Virginia Tips Blue as Democrats Flip General Assembly
*Whittney Evans and Yasmine Jumaa contributed to this story.
Democrats flipped both chambers of Virginia’s General Assembly on Tuesday, giving them total control of the levers of state government for the first time since 1993.
Key races in suburban Richmond tracked with the rest of the state, with Democrats flipping several seats currently held by Republicans
It was an outcome that would have been unthinkable just four years ago, when Democrats controlled roughly a third of seats in the House of Delegates. They were helped by a 2018 federal court ruling that overturned 11 districts for racial gerrymandering and ordered them redrawn.
In an indicator of the political mood, a rematch of the race that ended in a tie in 2017, when it was famously decided by drawing a name from a bowl to hand Republicans control of the House of Delegates, Democrat Shelly Simonds defeated incumbent Republican David Yancey by over 17% on Tuesday.
At an energetic party in downtown Richmond, Democratic lawmakers vowed to make good on a backlog of policy proposals and campaign promises on issues ranging from gun control to ratifying the Equal Rights Amendment.
House minority Eileen Filler-Corn vowed to make Virginia “the envy of the country.”
“We’re going to make this damn thing work,” said Senate minority leader Dick Saslaw. “And we’re going to make sure we never go back to the minority again.”
Although Saslaw later said he was referring to the persuasiveness of Democratic policies, the party’s lawmakers will now control the rules for drawing new legislative and Congressional boundaries after the 2020 Census. Lawmakers will decide next year whether to pass a constitutional amendment that would turn the process over to a redistricting committee, or draw the maps themselves.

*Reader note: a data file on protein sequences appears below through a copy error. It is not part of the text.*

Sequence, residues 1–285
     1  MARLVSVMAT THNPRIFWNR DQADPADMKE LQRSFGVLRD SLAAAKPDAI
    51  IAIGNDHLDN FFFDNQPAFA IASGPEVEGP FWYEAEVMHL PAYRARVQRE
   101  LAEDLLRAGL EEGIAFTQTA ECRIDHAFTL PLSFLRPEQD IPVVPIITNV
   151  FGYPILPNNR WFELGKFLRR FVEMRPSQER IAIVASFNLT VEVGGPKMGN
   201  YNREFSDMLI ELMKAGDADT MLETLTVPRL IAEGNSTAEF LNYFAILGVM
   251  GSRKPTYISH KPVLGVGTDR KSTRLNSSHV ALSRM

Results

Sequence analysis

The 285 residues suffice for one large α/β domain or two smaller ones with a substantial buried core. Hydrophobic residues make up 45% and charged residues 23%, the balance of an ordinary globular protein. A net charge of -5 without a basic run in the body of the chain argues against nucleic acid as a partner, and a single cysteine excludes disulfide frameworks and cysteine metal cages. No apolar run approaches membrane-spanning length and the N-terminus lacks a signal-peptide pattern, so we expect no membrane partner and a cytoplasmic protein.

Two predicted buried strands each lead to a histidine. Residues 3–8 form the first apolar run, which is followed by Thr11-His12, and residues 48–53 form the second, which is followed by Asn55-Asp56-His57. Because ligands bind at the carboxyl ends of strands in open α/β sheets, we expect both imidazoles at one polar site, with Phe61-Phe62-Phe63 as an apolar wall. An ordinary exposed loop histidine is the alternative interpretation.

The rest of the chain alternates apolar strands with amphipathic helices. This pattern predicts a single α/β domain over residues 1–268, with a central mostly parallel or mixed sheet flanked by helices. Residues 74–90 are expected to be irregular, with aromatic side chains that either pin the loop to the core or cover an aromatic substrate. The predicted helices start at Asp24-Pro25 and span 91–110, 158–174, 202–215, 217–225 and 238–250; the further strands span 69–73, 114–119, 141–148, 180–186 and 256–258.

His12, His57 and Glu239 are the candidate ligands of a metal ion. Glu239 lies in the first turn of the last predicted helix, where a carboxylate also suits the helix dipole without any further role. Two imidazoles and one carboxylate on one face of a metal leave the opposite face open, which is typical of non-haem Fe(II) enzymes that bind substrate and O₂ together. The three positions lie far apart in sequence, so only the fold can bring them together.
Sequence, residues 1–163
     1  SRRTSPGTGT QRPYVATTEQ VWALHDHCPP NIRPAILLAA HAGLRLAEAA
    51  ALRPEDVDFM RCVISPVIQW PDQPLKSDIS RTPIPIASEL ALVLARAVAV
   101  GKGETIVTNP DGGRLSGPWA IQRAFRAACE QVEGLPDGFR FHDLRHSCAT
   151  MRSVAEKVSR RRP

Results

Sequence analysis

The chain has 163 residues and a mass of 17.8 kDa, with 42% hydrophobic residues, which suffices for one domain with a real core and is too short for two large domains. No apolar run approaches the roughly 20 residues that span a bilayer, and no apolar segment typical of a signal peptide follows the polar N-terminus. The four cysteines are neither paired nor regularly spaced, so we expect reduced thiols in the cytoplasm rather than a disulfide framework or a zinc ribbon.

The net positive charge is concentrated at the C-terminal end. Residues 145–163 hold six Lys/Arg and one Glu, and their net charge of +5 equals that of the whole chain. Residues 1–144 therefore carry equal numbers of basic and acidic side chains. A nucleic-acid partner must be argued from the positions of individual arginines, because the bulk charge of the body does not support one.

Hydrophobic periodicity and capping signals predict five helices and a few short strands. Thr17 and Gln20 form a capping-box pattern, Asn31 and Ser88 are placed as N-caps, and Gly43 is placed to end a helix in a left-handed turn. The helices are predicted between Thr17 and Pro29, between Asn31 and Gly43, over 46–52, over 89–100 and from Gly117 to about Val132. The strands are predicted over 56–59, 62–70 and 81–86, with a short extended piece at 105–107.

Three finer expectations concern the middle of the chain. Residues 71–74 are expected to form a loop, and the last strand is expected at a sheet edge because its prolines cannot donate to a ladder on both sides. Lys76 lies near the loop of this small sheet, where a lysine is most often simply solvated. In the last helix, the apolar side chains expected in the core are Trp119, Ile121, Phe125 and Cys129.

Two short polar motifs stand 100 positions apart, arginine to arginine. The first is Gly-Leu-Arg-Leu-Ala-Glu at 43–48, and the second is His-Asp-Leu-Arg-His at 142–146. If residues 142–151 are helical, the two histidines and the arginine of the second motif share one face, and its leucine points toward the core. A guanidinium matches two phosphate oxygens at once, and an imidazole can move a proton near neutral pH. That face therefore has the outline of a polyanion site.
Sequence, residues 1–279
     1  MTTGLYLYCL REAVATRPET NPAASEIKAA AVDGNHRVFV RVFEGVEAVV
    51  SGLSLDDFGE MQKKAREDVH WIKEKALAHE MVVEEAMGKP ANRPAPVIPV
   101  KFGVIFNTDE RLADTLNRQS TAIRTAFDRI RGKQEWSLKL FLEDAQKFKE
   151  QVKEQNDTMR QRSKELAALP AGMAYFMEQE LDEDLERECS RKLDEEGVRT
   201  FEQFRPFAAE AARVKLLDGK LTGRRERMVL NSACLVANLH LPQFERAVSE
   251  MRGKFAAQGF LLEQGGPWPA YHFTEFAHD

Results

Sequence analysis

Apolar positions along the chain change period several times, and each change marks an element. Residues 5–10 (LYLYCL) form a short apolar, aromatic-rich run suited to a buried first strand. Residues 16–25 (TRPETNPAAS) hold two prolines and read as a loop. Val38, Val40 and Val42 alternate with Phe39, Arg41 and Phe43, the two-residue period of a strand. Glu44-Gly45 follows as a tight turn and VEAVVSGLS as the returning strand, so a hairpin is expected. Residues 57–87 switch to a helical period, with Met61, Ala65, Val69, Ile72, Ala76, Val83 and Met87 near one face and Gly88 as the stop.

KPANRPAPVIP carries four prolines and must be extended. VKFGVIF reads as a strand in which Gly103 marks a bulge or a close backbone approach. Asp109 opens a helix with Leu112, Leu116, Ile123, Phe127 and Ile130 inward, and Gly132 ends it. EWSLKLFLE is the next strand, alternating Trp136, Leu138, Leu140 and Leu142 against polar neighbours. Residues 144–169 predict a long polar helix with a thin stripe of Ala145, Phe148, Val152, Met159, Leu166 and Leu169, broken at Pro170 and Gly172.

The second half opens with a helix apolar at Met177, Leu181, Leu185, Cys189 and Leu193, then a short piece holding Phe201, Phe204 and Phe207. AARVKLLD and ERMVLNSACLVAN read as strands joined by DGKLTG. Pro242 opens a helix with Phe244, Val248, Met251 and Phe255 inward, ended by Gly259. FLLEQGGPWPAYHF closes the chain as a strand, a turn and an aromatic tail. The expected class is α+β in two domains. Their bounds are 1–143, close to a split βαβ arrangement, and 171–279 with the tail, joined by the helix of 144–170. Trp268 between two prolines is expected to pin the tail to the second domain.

For Republicans, the election drove home the party’s challenge in courting voters outside of their rural base; the party hasn’t won’t a statewide election since 2009. The GOP relinquished at least five House seats and two Senate seats at the time of press.
That includes the seat held by one of it’s most powerful members, Delegate Chris Jones of Suffolk, chairman of the powerful House Appropriations committee. Jones served in the legislature since 1998 but his district was recently redrawn to include more African American voters. He ultimately lost to his Democratic challenger, Clint Jenkins, by a double-digit margin.
And in a striking example of shifting demographics, Tim Hugo, the final Republican delegate from northern Virginia, lost his seat to Democrat Dan Helmer.
There was one major bright spot for the GOP; Speaker of the House Kirk Cox won decisively in a newly-redrawn, Democratic-leaning district in a race where the candidates collectively raised over $3 million.
In a statement, Cox praised Republican accomplishments during their two decades in power in the House, including balanced budgets, teacher pay raises, and a AAA bond rating.
“Voters will have the opportunity soon to judge those elected based on their policies and results, not just promises and rhetoric of campaign season,” Cox said.
House Majority Leader Todd Gilbert took it a step farther.
“Virginians should expect public policies that look a lot more like the train-wreck that is California than the Virginia of good fiscal management and common-sense conservative governance,” he said in a statement.